Standards require compliance on the later of 180 days after the 
effective date of those regulations or the date on which swap 
dealers or major swap participants are required to apply for 
registration pursuant to Regulation 3.10.
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    Two commenters asked the Commission what documentation is required 
of an applicant for SD or MSP registration.\41\ One of these commenters 
suggested that the documentation required to demonstrate compliance 
with the regulations the Commission adopts to implement the business 
conduct standards required by CEA section 4s(h) might consist of 
written policies and procedures.\42\ Or, as the Commission notes, the 
documentation required to demonstrate compliance with the regulations 
the Commission adopts to implement the capital requirements of CEA 
section 4s(e) might be a financial form specifically designed for this 
purpose. The Commission anticipates that these questions will be 
considered in connection with its adoption of the relevant Section 4s 
Implementing Regulations.
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    \41\ NFA and WGCEF Comment Letters.
    \42\ NFA Comment Letter.
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    The regulations the Commission proposed and is adopting also 
address, in Regulation 3.10(a)(1)(v)(D)(1), the situation where an 
applicant for registration as an SD or MSP to whom NFA has provided 
notification of provisional registration subsequently fails to 
demonstrate compliance with a Section 4s Implementing Regulation--i.e., 
that NFA ``will notify the applicant that its application is deficient,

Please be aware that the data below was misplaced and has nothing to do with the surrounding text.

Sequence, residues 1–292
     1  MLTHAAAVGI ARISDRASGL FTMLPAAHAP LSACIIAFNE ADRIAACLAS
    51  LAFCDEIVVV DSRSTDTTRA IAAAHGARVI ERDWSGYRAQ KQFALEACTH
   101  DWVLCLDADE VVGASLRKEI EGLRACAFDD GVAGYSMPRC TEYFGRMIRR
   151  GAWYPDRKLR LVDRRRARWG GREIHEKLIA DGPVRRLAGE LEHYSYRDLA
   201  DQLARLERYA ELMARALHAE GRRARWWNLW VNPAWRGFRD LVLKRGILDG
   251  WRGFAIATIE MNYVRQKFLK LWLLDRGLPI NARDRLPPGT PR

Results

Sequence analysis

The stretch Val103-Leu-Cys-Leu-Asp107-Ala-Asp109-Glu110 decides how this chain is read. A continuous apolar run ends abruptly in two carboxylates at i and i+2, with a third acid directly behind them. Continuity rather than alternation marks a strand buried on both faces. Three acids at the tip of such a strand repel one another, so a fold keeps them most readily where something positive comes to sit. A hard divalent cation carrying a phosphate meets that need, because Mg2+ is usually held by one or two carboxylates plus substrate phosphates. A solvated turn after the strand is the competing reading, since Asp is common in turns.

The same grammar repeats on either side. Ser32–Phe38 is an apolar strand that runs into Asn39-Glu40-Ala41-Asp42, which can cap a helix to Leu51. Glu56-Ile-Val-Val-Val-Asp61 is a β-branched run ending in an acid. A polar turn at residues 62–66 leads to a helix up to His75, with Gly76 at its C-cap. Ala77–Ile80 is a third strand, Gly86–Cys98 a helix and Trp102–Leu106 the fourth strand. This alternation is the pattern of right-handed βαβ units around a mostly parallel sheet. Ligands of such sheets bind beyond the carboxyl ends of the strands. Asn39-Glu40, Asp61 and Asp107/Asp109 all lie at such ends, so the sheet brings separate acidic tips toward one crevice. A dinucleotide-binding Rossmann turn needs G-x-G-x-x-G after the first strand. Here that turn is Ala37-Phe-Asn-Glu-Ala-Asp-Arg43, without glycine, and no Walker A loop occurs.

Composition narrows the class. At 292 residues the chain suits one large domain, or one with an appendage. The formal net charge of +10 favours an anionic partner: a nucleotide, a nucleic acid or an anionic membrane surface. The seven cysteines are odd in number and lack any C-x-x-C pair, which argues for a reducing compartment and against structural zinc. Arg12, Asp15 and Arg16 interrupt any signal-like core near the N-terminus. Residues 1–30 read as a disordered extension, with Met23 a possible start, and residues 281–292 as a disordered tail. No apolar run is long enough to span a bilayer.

whereupon the applicant must withdraw its registration application, it 
must not engage in any new activity as a swap dealer or major swap 
participant, as the case may be, and the applicant shall cease to be 
provisionally registered.'' \43\ The Commission proposed a 30-day 
period--subject to extension at the discretion of the Commission--
within which the applicant would be required to cure the deficiency. 
Upon further consideration, the Commission has adopted in the final 
regulation a 90-day cure period.\44\ Further, Regulation 
3.10(a)(1)(v)(D)(2) makes clear that the provisions of Regulation 
3.10(a)(1)(v)(D)(1) supplement, and are in addition to, the other 
activities in which NFA engages under the Act and Commission 
regulations in connection with processing an application for 
registration as an SD or MSP.\45\
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    \43\ This provision was found in proposed Regulation 
3.10(a)(1)(v)(D)(2).
    \44\ New Regulation 3.10(a)(1)(v)(E), formerly proposed 
Regulation 3.10(a)(1)(v)(D)(3), addresses the effect on the 
applicable swap documentation of the SD or MSP. Broadly stated, as 
proposed and as adopted, this regulation provides that ``unless 
specifically reserved in the applicable swap documentation,'' any 
withdrawal, cessation or revocation of registration does not affect 
the terms of any swap transaction to which the applicant is a party 
entered into prior to receiving notice that it is deficient in its 
compliance with the applicable Section 4s Implementing Regulation. 
See CEA section 22(a)(5), added by Dodd-Frank Act section 739, which 
states: